“If the Property’s land or improvements are materially damaged prior to Close of Escrow, Buyer shall have the right to terminate this Contract and recover the full deposit. If Buyer elects to complete the purchase, Buyer shall be entitled to an assignment from Seller of all insurance proceeds covering the loss.”
So even if a buyer has removed all contingencies, if a big quake hits, the buyer can back out. If the house burns down from a fire, the buyer may be able to complete the purchase and take the insurance assignment from the seller. And if a lender requires all new inspections, it may be a negotiable cost between buyer and seller.
Most earthquakes, happily, are small ones. Supposedly they often relieve pressure from the big faults, making large earthquakes less likely or at least less dangerous. That’s the hope, anyway.
Of course, the chance that this is a “pre-quake” and that a bigger one is coming in the next 7 days is about 30%. So we’re on alert.
Scary stuff? Well, a little. The ghosts and goblins of Halloween might spook some people. But for me, a strong earthquake in the middle of a real estate purchase or sale – well, that’s scary!
Landscaping to sell your home, or improving the yards’ appearance, makes sense. Curb appeal may make people want to see more, or see the property in person. Good landscaping can effectively expand the usability of the home, too, adding to its apepal.
Today we’ll provide a few simple tips to help maximize a seller’s return on investment or ROI that involve landscaping to sell your home. This is far from comprehensive, but covers often missed, general rules of thumb for sellers to present their home in it’s best l ight.
But let me warn you: I’m going to be painfully, brutally blunt. And that’s how we keep the list short!
Rules for Sellers: Landscaping to Sell
The first rule for “staging your home to sell” is the topic of today’s post and it involves landscaping and curb appeal. The front of the house needs to look great. Seriously. If the front doesn’t look wonderful (or at least respectably appealing), the buyer may never go inside to see how wonderful your home really is. In any market, first impressions are key!
Here’s Mary Pope-Handy’s “Simple Rules for Landscaping to Sell Your Home”:
The Los Gatos luxury home market is faring surprisingly well now, given the strange real estate market that we are currently experiencing with ultra low inventory, interest rate hikes, and the stock market being off after Fitch’s downgrade.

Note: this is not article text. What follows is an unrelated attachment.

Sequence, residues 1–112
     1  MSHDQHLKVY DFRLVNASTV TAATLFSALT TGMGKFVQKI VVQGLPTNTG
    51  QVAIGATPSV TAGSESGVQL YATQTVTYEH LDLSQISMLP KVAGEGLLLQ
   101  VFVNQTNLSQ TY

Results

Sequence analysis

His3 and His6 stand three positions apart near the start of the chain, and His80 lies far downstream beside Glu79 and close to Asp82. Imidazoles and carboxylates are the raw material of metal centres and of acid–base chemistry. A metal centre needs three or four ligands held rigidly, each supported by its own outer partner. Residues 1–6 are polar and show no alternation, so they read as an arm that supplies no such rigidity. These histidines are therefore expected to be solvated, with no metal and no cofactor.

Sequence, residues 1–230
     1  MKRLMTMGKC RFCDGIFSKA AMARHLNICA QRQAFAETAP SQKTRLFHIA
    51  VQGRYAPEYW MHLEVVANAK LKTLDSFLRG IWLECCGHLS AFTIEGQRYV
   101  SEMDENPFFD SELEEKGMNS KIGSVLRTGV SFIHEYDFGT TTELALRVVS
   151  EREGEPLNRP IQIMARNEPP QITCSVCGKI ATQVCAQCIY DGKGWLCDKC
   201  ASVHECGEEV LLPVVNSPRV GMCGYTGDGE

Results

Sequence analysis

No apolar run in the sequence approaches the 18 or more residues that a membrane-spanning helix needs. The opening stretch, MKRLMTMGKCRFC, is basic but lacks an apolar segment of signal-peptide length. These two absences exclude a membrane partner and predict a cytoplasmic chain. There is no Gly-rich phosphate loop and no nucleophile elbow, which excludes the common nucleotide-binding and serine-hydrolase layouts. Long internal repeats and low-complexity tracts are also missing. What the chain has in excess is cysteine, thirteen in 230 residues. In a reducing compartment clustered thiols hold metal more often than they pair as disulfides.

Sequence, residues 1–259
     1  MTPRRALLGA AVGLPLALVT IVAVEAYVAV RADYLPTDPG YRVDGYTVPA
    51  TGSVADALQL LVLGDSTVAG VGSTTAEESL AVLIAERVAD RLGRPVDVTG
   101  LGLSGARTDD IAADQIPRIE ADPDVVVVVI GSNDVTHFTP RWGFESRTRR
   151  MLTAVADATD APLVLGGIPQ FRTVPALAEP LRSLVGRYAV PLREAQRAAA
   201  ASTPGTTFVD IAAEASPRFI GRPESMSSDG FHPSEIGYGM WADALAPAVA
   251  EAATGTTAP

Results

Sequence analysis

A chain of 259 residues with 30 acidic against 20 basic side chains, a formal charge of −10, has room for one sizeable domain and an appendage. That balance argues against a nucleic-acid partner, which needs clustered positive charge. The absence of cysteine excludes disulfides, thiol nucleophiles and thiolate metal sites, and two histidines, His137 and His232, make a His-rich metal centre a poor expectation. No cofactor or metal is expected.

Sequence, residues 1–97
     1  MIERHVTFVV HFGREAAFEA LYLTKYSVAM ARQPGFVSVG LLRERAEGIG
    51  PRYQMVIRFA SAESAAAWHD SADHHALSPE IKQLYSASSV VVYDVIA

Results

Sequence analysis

Earlier this year it moved around with extremely low inventory in January and an easier time selling to a whopping 13 months of inventory in March.
Some of the bouncing around is a reflection of the very low inventory and accordingly, very lo numbers of home sales. It’s important to take it with a big grain of salt. The best homes, meaning that they are in good shape, don’t have location issues, and are well priced, continue to sell in 1 – 3 weeks.
For an in-depth article about the Los Gatos real estate market generally (not just the most expensive properties), please check our linked article, which is updated monthly!
Los Gatos luxury home market months of inventory – homes listed for sale at $4 million or more
The months of inventory is the single best gauge to use in deciding how hot or cool the market is. For July 2023 it fell to 2.2 months of inventory, which is a decently warm seller’s market.
Most of the luxury properties in Los Gatos are under $8 million, and that upper level can be much cooler than the $4 – $6 million market.
I tried to pull the same info for the Los Gatos mountains 95033, but kept getting an error message from the MLS that there were too few sales to chart meaningfully.
Altos Charts for homes listed in the top 25% or top quartile for Los Gatos 95030, 95032 and 95033
These will be automatically updated, so check back often for a quick update on the Los Gatos real estate data for this upper tier!